A New Chapter

Words by Desiree Bergstrom

Photos by Hannah Neill

As he looked at his profile on the Tinder app, checking out his photos and making sure it looked right, UO freshman Devon Houston asked the group of his fraternity brothers sitting next to him for advice. The guys began to chime in, offering playful encouragement like, “You’re looking good!”

“They give me motivation,” Houston said, adding that some of the brothers wanted to know how the Tinder experience was different for him. Unlike many of them, Houston was swiping left and right on guys.

Houston says prior to being in a fraternity, “I figured Greek Life was just this culture that wasn’t going to be accepting and this crazy party culture where all everyone does is drink,” Houston said. “But it has really turned out to be totally different.” Houston never had any intention of rushing a fraternity when he started college, but has now found a place and a home in the Delta Tau Delta (DTD) chapter on campus.

Though Greek life has a reputation for being both notoriously rowdy and heteronormative by nature, according to DTD members, the fraternity isn’t concerned with maintaining a “frat-boy image.” Members say they’re more focused on inclusivity, academics and being themselves. Along with other fraternities in Eugene and nationally, they’re trying to offer a different type of environment for all brothers, but especially for members like Houston who are openly gay and want to enjoy fraternity life.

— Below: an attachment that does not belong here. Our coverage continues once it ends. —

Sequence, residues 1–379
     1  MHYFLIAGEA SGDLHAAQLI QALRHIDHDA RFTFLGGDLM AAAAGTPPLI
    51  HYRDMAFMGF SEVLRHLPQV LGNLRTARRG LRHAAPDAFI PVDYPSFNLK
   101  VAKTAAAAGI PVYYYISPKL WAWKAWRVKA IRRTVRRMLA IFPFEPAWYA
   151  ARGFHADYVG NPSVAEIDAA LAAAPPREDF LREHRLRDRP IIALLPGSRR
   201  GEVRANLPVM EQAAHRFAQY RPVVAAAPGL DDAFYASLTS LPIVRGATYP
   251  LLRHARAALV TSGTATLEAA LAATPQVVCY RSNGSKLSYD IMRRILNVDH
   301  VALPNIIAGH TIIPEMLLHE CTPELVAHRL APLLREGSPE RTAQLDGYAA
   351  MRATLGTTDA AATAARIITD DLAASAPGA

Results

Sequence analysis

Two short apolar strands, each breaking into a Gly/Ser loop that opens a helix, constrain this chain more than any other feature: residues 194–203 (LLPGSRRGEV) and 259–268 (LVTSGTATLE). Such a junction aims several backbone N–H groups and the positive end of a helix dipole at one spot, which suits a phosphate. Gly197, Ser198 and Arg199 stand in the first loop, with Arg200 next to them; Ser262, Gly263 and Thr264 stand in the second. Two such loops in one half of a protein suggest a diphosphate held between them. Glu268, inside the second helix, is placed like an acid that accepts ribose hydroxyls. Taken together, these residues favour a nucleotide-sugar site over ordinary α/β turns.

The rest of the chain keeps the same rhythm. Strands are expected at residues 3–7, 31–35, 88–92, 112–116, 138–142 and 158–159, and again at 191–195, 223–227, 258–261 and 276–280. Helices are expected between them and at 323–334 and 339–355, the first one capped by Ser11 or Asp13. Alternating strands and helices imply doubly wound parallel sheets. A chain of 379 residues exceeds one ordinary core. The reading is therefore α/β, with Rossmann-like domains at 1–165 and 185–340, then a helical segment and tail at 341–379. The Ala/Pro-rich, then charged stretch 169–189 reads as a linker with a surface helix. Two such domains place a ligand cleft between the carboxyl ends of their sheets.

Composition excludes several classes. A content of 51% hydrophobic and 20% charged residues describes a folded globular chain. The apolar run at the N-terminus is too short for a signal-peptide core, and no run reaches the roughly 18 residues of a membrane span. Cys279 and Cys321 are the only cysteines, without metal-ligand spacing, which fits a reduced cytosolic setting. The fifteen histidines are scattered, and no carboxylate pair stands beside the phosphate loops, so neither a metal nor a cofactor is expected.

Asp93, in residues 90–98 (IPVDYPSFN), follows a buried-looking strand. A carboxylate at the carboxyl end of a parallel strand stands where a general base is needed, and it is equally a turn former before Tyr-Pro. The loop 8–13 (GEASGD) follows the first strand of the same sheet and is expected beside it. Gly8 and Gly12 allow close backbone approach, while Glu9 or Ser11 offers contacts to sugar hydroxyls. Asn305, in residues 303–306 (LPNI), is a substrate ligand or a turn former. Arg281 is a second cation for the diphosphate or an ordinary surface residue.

In recent years, many Greek organizations nationwide have made headlines by amending their policies to be more inclusive to the LGBT community, including Sigma Phi Epsilon fraternity in 2015 and Chi Phi fraternity in 2016, who voted to accept transgender males.

On the University of Oregon campus, DTD isn’t the only fraternity attempting to be more inclusive. Delta Upsilon (DU) also values inclusion of gay and transgender men. Its former president, Dominic Black said, “We wanted, and still want, to be the fraternity that allows people to be who they are without pressuring them to become something they aren’t.”

Though not alone in inclusivity, DTD stands apart from its Greek counterparts with the portion of their constitution that explicitly states, “Delta Tau Delta International Fraternity does not discriminate on the basis of race, color, religion, national origin, ethnicity, sexual orientation or gender identity. Delta Tau Delta is open to all men of superior character including transgender males.” The new policy, enacted in January of 2016, replaced language which read, “Eligibility for membership in the Fraternity shall be limited to men of superior character and shall not be affected or determined in any manner by inappropriate or illegal discrimination.”